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Cornelius News

Kids do what kids do, like grow up

With apologies to “Father Knows Best”

MODERN DAD | By Jon Show

Jan. 12. This column is called Modern Dad and it dawned on me that I haven’t really written as much about my kids recently.

I thought about it for a while and realized I haven’t written as much about them because I don’t see them as much as I used to. I don’t interact with them as much as I used to. I don’t provide as much hands-on care for them as I used to.

Before we change the name of the column to Deadbeat Dad I’ll also point out that it’s because they’re getting older and they just aren’t around as much and, when they are, they don’t need us as much as they used to.

These days they’re always at a friend’s house or going somewhere with friends. Instead of spending an hour each night in the backyard or pushing them on a swing at the park, I spend a few minutes in the car driving them to practices or their friends’ houses.

The clock is ticking

I’ve always liked being in the car with them because they have to talk to you. However, Future Man got his permit this fall and he’s pretty good behind the wheel but he can lose focus if we get too chatty so I try keep the conversation light following this exchange:

Me: “How did you do on your science midterm?”

Him: “Good.”

Me: “Did you figure out how to explain the difference between magnetism and electro – OHMUHGAWD THAT WAS A RED LIGHT!”

The Blonde Bomber and I spend a lot of time in the car between practices, games and the fact that her social calendar is booked until the Spring of 2024. There are CEOs who have more down time than she does.

I picked her up one Sunday afternoon this fall from a friend’s house after she’d had back-to-back sleepovers at different houses. She bounced down the sidewalk and hopped in the truck, like always.

Her: “Hey daaaaddy.”

Me: “Hey honey I missed you I haven’t seen you in so long.”

Her (side eye): “What are you talking about it’s only been two days?”

Apparently we do not perceive the passage of time in the same manner. Regardless, the clock is ticking.

I read something online that by age 12 you will have spent 75 percent of all the time you will ever spend with your kids, and by age 18 it’s 90 percent.

Now, there are obviously a lot of caveats to that. It probably holds true if you live far away from your family but my parents live down the street and my mom shows up at least once a week to try to give me random things like a gold lamp shade.

But the basis of the point is correct. You spend almost all of your time with your kids when they are young and, at least for me, it wasn’t a gradual decline in the last year or so. It was more like cliff.

To be honest it’s been kind of fun. Different. But fun to see them growing up. And some things I don’t miss, at all.

I don’t miss the mornings before school, at all. These days I have no idea if they ate breakfast or made their lunches or put on a jacket. I don’t know if they were running late because they’re usually gone by the time I emerge for coffee.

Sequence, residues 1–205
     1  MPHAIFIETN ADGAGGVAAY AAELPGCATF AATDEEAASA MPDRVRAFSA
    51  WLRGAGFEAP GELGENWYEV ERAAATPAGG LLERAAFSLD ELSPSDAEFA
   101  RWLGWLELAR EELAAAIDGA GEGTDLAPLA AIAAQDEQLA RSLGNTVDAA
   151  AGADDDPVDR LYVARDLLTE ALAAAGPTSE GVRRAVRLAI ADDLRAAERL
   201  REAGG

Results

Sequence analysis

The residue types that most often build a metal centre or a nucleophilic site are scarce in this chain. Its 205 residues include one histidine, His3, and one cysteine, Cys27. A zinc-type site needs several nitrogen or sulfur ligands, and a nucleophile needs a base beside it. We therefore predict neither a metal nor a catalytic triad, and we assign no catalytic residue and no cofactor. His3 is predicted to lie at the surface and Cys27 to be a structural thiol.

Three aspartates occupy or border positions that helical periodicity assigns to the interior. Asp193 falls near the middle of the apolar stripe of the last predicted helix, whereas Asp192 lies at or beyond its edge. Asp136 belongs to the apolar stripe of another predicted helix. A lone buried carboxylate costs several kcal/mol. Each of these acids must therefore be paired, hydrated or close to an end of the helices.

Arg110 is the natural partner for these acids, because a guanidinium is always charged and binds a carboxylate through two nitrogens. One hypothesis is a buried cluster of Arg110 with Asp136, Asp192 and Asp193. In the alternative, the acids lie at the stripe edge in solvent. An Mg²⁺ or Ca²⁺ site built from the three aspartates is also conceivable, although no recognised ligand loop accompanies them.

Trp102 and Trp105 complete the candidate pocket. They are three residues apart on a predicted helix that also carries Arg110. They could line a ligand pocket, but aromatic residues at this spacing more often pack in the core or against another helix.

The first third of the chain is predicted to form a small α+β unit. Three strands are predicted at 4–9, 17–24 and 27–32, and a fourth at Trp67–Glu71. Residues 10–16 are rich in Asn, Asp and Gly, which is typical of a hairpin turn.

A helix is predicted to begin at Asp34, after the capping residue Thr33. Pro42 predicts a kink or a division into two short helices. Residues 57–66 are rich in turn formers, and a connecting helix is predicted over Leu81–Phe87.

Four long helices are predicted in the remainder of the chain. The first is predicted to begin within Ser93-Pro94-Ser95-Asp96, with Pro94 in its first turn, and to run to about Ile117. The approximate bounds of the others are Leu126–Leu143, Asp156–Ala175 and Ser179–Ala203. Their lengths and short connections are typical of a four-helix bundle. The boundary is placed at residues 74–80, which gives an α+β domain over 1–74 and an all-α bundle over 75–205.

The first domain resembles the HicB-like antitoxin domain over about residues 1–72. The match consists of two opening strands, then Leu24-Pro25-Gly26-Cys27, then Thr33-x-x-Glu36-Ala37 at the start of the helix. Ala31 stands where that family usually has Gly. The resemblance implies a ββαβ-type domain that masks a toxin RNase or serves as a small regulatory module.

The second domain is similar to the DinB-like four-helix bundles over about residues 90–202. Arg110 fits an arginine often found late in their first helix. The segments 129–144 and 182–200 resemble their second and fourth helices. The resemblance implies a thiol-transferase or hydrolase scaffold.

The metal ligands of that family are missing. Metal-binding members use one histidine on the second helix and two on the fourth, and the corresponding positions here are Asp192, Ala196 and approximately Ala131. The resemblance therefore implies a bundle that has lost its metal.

They’re still kids so they overslept a time or two this fall but, you know what? Driving them to school didn’t bother me at all. Turns out I don’t mind when they miss the bus because it wasn’t preceded by 30 minutes of me yelling at them to eat-get-dressed-put-on-shoes-where’s-your-jacket.

I read something else online that said by age 11 your influence on your kids begins to be replaced by their friends and by 18 years old you have zero influence on their lives.

You wanna really work up some anxiety as a parent? Wake up one day and find out your chance to positively influence your kids is nearly over.

Time is undefeated

The shed is built. Shed looks pretty good. There are a couple things about the shed that you’d like to tweak for your sake, the shed’s sake and for society’s sake but, that’s it. The shed is built.

Time to sit back and see if the shed is strong enough to weather everything that’s going to be thrown at it. Hail. Hurricanes. Heat waves. Bird poop. A complaint letter from the HOA.

The Blonde Bomber came home last year and asked why there were stories about her on the Internet. Some kid her age found them online and for the first time she figured out that the little paper that shows up in the mailbox shows up in other people’s mailboxes.

This is so dumb but I just never envisioned them growing old enough to know or care or be bothered by any of this.

Maybe that’s why I haven’t written as much about them lately. Or maybe it’s for all of the reasons above. It’s certainly not from a lack of interest in them. That will never waiver. But they’re getting older and time is undefeated.

Future Man is a freshman in high school. The Bomber is a sixth grader. Man, it’s weird to write that.

I don’t see them as much as I used to but that doesn’t mean I don’t think about them as much as I used to. If anything I probably think about them more just because I don’t see them as much.

We can call the column Modern Dad but it’s a rite as old as time-  kids grow up and outgrow their parents.

In the meantime maybe I’ll start writing more about the Mother of Dragons? I bet she’d really appreciate that.

Probably best to stick with the kids.

Jon Show lives in Robbins Park with his wife, who he calls “The Mother of Dragons.” Their 15-year-old son is “Future Man” and their 11-year-old daughter is “The Blonde Bomber.” Their dog is actually named Lightning.